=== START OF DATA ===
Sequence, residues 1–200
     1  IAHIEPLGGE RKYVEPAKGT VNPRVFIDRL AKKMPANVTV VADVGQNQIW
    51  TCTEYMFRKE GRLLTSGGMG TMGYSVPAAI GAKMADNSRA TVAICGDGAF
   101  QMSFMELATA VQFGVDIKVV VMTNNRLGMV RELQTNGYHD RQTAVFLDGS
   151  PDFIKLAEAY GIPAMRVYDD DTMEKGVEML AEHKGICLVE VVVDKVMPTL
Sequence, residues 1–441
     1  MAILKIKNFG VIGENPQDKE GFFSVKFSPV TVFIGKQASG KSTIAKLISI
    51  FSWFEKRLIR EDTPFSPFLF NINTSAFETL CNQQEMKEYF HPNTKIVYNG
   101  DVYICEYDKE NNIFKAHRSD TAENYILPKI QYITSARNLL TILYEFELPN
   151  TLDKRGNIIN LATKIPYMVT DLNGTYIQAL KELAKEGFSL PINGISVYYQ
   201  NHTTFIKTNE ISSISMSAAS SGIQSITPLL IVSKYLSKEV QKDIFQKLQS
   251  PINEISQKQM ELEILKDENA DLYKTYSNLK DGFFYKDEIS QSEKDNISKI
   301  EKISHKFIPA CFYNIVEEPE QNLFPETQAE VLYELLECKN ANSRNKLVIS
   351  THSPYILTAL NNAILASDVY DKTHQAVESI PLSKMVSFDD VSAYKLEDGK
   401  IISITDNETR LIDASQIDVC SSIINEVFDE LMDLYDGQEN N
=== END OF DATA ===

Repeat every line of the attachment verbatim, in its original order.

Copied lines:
Sequence, residues 1–200
     1  IAHIEPLGGE RKYVEPAKGT VNPRVFIDRL AKKMPANVTV VADVGQNQIW
    51  TCTEYMFRKE GRLLTSGGMG TMGYSVPAAI GAKMADNSRA TVAICGDGAF
   101  QMSFMELATA VQFGVDIKVV VMTNNRLGMV RELQTNGYHD RQTAVFLDGS
   151  PDFIKLAEAY GIPAMRVYDD DTMEKGVEML AEHKGICLVE VVVDKVMPTL
Sequence, residues 1–441
     1  MAILKIKNFG VIGENPQDKE GFFSVKFSPV TVFIGKQASG KSTIAKLISI
    51  FSWFEKRLIR EDTPFSPFLF NINTSAFETL CNQQEMKEYF HPNTKIVYNG
   101  DVYICEYDKE NNIFKAHRSD TAENYILPKI QYITSARNLL TILYEFELPN
   151  TLDKRGNIIN LATKIPYMVT DLNGTYIQAL KELAKEGFSL PINGISVYYQ
   201  NHTTFIKTNE ISSISMSAAS SGIQSITPLL IVSKYLSKEV QKDIFQKLQS
   251  PINEISQKQM ELEILKDENA DLYKTYSNLK DGFFYKDEIS QSEKDNISKI
   301  EKISHKFIPA CFYNIVEEPE QNLFPETQAE VLYELLECKN ANSRNKLVIS
   351  THSPYILTAL NNAILASDVY DKTHQAVESI PLSKMVSFDD VSAYKLEDGK
   401  IISITDNETR LIDASQIDVC SSIINEVFDE LMDLYDGQEN N